Although the law favors the settlement of ing not only with the Englands, but also with disputes by arbitration, it will compel parties the appellant, on another consideration, to to resort thereto only when the terms of their extend credit and permit the logging opera

contract are clear and certain in showing that

they had such intention. tions to continue. The alleged promise to Ed. Note.-For other cases, see Contracts, Cent. pay the $1,000 could not have entered into Dis. 88 861-877, 879-883;' Dec. Dig. Om 198.] that agreement in any view of the case, since

Department 2. Appeal from Superior the respondent does not claim to have known of it until long afterwards.

Court, King County; John E. Humphries, We have gone into the matter thus fully

Judge. for the reason that we are now satisfied

Action by Russell & Gallagher, copartners, that in the case of Harbican v. Skinner, 83 against to

inner 89 against the Yesler Estate, Incorporated Wash. 596, 145 Pac. 582, we permitted our

From a judgment for plaintiffs, defendant selves to indulge a breadth of expression be- / appeals. Amrmed. yond the true rule and beyond the necessi- Hughes, McMicken, Dovell & Ramsey, and ties of that case. That case was decided cor- R. J. Venables, all of Seattle, for appellant. rectly, but should have been based alone Preston & Thorgrimson, of Seattle, for reupon the last ground stated in the opinion. I spondents.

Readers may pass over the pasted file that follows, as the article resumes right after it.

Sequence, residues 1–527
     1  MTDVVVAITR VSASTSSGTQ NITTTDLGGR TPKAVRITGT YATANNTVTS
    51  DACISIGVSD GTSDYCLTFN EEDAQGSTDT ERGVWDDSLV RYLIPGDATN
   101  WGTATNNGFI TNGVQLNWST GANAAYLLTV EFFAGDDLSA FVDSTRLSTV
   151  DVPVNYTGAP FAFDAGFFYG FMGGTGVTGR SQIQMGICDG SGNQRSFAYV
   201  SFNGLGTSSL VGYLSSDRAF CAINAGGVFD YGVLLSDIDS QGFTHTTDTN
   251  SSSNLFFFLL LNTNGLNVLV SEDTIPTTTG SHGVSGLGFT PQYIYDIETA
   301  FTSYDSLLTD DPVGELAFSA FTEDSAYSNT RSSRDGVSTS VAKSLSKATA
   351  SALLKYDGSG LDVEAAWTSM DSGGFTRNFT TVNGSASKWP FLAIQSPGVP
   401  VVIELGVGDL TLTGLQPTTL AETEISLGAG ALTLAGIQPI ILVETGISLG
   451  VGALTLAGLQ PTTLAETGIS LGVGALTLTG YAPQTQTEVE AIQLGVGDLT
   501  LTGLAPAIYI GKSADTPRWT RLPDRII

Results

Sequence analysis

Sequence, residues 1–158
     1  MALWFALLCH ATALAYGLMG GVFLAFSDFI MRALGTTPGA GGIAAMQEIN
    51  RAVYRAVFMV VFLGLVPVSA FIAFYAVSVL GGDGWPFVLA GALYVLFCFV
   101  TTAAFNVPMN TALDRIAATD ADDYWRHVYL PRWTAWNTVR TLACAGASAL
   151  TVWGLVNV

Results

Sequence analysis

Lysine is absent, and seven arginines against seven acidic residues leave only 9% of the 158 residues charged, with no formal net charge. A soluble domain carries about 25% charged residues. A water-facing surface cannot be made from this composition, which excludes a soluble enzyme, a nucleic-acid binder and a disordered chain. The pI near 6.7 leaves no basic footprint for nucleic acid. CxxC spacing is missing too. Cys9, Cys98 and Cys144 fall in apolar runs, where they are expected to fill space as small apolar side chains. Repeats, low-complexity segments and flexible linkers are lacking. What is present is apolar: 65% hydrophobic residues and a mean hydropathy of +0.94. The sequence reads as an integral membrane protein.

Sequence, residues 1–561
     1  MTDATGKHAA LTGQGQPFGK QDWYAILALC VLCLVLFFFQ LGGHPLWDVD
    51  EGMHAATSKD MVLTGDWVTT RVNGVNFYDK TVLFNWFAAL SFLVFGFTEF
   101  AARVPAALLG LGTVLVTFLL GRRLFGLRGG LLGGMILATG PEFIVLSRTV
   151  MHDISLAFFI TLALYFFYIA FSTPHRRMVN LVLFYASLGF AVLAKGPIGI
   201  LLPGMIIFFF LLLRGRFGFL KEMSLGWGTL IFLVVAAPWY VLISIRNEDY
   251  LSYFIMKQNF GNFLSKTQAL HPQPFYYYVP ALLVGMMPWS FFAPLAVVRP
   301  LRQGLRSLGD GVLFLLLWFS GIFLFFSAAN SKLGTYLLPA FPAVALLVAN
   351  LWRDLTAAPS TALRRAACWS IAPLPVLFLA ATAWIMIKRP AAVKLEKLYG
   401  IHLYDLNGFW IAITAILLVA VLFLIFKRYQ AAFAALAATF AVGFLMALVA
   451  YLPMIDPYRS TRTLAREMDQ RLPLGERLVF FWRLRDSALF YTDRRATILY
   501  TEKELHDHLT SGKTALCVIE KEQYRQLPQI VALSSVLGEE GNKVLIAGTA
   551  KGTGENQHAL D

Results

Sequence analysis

PARKER, J. This is an action to recover buildings declined to act as arbiter, and that a balance due upon a building contract in- | therefore there is no question of the necescluding compensation for extra work and sity of submitting any disputed matter to material. The case was tried before the him. court without a jury, resulting in findings [1] We are not able to gather from the and judgment in favor of the plaintiffs, from language above quoted an intention on the which the defendant has appealed.

part of the parties thereto to make the archiIn April, 1913, respondents, Russell & Gal- tect the arbiter of the questions here involvlagher, entered into a contract with appel- ed, since there is not here involved any queslant, Yesler Estate, Incorporated, agreeing tion of the proper performance of the work to construct a certain portion of a building or the proper quality of the material enterabout to be constructed upon one of its lots ing into the structure, but only the question in Seattle. The provisions of the contract, of the value of the extra work and possibly so far as here necessary to notice them, are the quantity thereof, and the demurrage, all as follows: